Sara: Just that it really is home away from home when you're in that kind of situation. It's more comfortable than staying at a hotel. You have all of the comforts of home. You've got your kitchen there. You've got your living room. There are tons of movies and toys to play with. They have volunteers going in and out of there cleaning the place all the time. It's incredibly clean. It's just a huge blessing that it's there. It's one of those places I wish more people knew about, and contributed funding to. I try to tell as many people as I can about it. There are people who want to do their end of year tax deduction, giveaways and I'm like, "Donate to Family House. They're really actually helping families."
Tuesday, December 2, 2014
Joy Littlesunday was just 3 weeks old when she was diagnosed with an autoimmune disease (SCID) that runs in Native American populations.
Rushed to UCSF Benioff Children’s Hospital from Cameron, Arizona and less than two months old, Joy had a successful Bone Marrow Transplant. Over the past year and a half as baby Joy continues her treatment and recovery, Joy and her mother, Tina, have been staying at Family House. Separated by miles but not by love and support, Joy’s father Jarvison and siblings make the trip as often as possible.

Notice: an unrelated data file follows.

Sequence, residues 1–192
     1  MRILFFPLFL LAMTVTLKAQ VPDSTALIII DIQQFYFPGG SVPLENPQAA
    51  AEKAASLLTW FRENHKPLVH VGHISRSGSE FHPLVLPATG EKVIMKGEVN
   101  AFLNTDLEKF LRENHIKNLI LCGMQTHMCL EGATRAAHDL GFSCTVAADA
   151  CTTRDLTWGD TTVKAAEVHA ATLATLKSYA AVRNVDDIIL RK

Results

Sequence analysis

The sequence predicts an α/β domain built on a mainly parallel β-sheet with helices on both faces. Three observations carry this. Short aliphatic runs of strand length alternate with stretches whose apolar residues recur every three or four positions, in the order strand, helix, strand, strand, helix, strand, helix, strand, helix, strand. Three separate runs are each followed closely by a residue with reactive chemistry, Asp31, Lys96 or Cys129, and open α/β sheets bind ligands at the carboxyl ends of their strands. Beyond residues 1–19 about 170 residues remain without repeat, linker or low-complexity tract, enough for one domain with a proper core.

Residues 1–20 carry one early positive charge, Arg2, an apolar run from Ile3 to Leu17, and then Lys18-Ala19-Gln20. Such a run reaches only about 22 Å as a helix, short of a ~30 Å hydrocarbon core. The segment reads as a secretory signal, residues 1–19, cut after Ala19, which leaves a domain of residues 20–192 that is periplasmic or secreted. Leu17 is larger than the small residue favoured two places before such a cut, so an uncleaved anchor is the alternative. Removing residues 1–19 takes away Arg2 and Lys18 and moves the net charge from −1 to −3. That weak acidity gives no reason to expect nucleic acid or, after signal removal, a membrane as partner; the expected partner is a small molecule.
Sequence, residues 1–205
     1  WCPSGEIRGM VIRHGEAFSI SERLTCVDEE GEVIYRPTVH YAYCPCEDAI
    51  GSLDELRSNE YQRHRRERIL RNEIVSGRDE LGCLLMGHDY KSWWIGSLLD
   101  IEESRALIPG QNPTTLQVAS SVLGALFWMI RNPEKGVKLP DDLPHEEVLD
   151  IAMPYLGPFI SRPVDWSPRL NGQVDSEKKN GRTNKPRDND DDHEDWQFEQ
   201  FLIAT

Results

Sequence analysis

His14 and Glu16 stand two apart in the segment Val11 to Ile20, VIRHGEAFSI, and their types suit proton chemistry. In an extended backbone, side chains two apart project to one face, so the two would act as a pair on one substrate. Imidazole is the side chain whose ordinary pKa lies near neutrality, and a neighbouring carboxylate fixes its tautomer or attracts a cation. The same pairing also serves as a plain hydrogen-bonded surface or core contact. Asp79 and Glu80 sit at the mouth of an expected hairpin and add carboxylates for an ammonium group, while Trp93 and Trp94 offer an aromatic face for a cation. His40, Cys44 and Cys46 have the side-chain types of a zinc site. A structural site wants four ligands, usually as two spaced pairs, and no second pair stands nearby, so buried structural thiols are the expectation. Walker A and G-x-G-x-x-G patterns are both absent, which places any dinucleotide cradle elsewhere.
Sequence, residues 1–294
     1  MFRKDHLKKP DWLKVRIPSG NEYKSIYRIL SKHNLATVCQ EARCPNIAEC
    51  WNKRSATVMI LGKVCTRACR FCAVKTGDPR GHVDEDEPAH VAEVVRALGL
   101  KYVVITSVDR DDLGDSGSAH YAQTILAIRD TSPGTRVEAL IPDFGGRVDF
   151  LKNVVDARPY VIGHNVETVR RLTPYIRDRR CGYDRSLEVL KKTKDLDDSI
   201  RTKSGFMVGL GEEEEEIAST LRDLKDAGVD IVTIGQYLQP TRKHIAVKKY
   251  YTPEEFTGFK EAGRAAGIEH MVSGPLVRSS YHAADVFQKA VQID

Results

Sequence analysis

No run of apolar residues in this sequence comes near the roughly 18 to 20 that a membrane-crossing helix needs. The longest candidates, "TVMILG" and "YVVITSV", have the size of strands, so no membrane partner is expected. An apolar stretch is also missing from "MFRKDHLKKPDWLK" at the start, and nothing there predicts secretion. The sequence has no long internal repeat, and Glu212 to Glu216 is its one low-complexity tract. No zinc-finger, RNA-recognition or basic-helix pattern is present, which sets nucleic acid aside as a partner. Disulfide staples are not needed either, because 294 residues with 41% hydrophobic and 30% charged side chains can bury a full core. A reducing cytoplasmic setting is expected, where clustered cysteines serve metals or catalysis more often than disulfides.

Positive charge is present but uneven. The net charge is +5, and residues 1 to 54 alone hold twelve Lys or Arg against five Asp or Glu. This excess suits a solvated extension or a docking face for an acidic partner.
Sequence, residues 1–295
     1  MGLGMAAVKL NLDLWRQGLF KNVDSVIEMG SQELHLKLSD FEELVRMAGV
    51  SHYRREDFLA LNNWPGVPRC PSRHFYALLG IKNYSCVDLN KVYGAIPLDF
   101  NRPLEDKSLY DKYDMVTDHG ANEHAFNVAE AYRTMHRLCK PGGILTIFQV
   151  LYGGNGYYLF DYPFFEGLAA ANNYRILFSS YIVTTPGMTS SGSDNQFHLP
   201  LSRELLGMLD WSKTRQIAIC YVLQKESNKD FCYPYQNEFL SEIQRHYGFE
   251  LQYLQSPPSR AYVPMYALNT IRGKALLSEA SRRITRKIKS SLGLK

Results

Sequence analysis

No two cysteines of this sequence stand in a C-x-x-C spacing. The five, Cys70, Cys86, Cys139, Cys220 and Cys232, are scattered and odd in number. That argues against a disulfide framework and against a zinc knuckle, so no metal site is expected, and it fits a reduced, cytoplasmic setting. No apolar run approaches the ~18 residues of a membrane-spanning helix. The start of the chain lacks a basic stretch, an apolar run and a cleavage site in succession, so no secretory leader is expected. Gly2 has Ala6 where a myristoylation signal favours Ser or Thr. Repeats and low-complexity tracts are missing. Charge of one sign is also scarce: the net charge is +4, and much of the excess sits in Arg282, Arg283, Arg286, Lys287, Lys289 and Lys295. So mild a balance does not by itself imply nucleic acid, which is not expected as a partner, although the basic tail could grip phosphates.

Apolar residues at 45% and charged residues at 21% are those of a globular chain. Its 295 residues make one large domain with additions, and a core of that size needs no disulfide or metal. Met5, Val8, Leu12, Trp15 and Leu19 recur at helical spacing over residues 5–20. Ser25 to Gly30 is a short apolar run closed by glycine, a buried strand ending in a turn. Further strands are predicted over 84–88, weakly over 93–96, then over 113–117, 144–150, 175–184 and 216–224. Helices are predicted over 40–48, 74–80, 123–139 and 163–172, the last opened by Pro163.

“Without Family House, I don’t know what we would be doing. We miss home and being a whole family. Luckily, Family House has provided us the comfort and care to help us get through these challenging times. Family House has helped my daughter celebrate the truly precious child that she is.” - Tina Littlesunday
Help families like Joy's experience all the comforts of the holidays at their home away from home, Family House: Donate today! http://www.familyhouseinc.org/holidaywishes
Wednesday, November 26, 2014
Danielle’s help in the business office is invaluable – taking care of data cleanup tasks for our end-of-year mailings, silent Auction items for events, and even helping with our Capital Campaign. She has had many different volunteer experiences, from volunteering at United Cerebral Palsy, to helping teachers while in high school, to working in a Women’s Soup Kitchen in Boston during her college years. She has also read to students at low income schools during their lunch hour, and volunteers once per month at the SF Food Bank with her 6 year old son.
When Danielle has free time she likes to run, hike, bike and explore San Francisco with her kids and husband.
Thank you Danielle for all of your help at Family House!
To learn more about volunteering at Family House, visit http://www.familyhouseinc.org/volunteer.html